I'm finishing up Uncertainty, the book by Jonathan Fields, and last Friday, after I wrote about process visualization, I promised a post with another tip that'll help with your creativity. That tip is attentional training.
As mentioned earlier, Fields likes to give fancy names to things we've all heard of and are familiar with.
Thus, attentional training = meditation.
Or similar activities. Or, as Fields puts in, "techniques that create certain psychological and physiological changes in your body and brain." Like I said, meditation.
What captured my attention (hahaha, funny pun) was his discussion of active AT. What, pray tell, is that? He says "This is how the vast majoritiy of people get their AT in," and further, that many people engage in this kind of AT without even realizing it. For instance, when you're painting, or playing music, or knitting, or engaged in sports. The hallmarks of active AT are:
–a repetitive, deliberate activity that does not require constant attention (I'm way synopsizing here)
–an activity driven by novelty, speed or intense bursts of concentration.
I'm way good at the first kind of active AT, such as knitting or sewing or weeding, all that repetitive motion stuff. And I've been advocating it as a route to creativity for years. There's just something about the repeated motions that jars ideas loose from the brain. I can't tell you how many times I've stood up from the computer, done for the day, and picked up my knitting, only to rush back to the computer because of the rush of images that suddenly flood my mind. Other activities in this category are running and biking.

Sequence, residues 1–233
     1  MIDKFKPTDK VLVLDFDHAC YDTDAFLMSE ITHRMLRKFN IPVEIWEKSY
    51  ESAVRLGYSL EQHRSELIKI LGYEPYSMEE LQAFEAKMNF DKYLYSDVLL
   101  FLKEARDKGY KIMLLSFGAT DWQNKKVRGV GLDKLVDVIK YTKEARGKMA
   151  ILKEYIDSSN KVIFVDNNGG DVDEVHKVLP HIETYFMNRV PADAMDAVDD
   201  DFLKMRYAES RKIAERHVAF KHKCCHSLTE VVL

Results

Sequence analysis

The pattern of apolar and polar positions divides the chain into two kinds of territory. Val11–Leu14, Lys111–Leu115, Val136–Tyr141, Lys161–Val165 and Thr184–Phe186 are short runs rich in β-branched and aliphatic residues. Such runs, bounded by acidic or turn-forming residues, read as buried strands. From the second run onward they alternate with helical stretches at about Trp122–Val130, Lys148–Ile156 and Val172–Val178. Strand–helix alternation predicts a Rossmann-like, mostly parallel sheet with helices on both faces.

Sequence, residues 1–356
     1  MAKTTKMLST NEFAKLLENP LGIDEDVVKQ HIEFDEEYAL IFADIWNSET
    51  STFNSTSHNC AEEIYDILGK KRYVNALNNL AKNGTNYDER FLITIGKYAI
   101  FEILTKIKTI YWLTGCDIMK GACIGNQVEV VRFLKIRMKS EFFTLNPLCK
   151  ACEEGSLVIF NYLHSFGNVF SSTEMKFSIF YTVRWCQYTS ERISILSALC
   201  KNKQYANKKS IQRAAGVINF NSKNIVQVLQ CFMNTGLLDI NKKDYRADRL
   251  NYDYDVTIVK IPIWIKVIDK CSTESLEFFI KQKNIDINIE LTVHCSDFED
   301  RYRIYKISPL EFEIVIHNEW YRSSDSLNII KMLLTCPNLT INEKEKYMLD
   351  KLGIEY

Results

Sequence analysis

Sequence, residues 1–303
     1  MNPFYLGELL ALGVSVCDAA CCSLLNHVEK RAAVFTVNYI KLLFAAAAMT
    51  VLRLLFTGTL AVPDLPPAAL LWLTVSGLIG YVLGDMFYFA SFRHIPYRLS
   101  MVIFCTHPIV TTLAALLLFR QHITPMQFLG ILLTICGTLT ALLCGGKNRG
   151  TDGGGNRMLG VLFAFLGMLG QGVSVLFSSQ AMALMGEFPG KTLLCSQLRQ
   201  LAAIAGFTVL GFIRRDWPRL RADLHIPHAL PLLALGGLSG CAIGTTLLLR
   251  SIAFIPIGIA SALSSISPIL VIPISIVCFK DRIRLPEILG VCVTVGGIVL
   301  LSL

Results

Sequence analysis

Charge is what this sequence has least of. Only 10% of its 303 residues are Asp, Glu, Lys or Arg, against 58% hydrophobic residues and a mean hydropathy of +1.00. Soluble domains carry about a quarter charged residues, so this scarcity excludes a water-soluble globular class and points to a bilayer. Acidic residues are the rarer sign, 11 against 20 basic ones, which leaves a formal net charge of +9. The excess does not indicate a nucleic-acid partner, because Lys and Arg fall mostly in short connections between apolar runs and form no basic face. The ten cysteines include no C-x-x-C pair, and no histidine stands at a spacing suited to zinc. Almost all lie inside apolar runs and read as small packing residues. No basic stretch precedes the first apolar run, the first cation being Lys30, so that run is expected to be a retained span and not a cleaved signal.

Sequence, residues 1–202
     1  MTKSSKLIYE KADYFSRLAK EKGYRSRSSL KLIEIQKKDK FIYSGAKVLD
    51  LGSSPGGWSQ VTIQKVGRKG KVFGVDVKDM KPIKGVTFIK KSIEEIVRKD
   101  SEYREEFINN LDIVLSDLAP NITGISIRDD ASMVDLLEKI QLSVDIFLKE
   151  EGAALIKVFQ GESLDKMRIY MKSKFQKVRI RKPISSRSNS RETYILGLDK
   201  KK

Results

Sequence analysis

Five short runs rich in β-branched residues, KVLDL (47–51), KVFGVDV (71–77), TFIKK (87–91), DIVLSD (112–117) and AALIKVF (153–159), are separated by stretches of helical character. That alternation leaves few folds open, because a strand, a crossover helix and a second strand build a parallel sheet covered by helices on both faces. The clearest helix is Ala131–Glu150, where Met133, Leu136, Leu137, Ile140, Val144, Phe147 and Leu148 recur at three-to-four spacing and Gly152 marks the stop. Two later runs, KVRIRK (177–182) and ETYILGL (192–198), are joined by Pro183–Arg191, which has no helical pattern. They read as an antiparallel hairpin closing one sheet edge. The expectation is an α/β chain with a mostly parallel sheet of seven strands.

The other kind of AT that Fields discusses is mindfulness AT, things like meditation, in all its various forms (including zazen, insight, mantra, and so on). Over the last few decades, there have been studies galore that sing the praises of meditation for its mindfulness properties. Here's the deal about it: you do it just for the sake of doing it, but the benefits of it are legion. Because the more you train yourself to sit in meditation and empty the brain, the easier it is to sit and focus on your writing. And its good for your state of mind and your body as well, but who cares about that crap as long as it benefits the writing?
I like meditation because it gives me a break from the ongoing and exhausting rushing craziness of my story. Now, I'm the first to venerate the power of story, but when I'm caught up in my crappy story, the stuff I've told myself over and over again so many times I want to vomit, it doesn't feel very powerful or uplifting. So getting a break from it is pretty wonderful.
And let me just offer up the single most important thing I've learned about meditation: even if you're lousy at it, however you're doing it helps. I used to think that people who meditated didn't deal with the mind chatter that assails me. But they do. And that is why we meditate. To quiet the mind chatter so that we can listen–and hear the still small voice within, or perhaps the voice of God, giving us marching orders. The key is to keep at it. Even when your mind chatter interrupts you a million times in the five minutes you've given yourself to meditate. Even when you think its not helping. Because it is. And it gets easier.
Do you practice meditation? Or any kind of active AT? How do you feel it benefits your writing?
***Another great way to foster creativity is to make a vision board for your book or writing project. Download my free ebook to find out more, just fill out the form to the right of this post and you'll also receive a free subscription to my bi-weekly newsletter, The Abundant Writer.
Photo by keithcr, from Everystockphoto.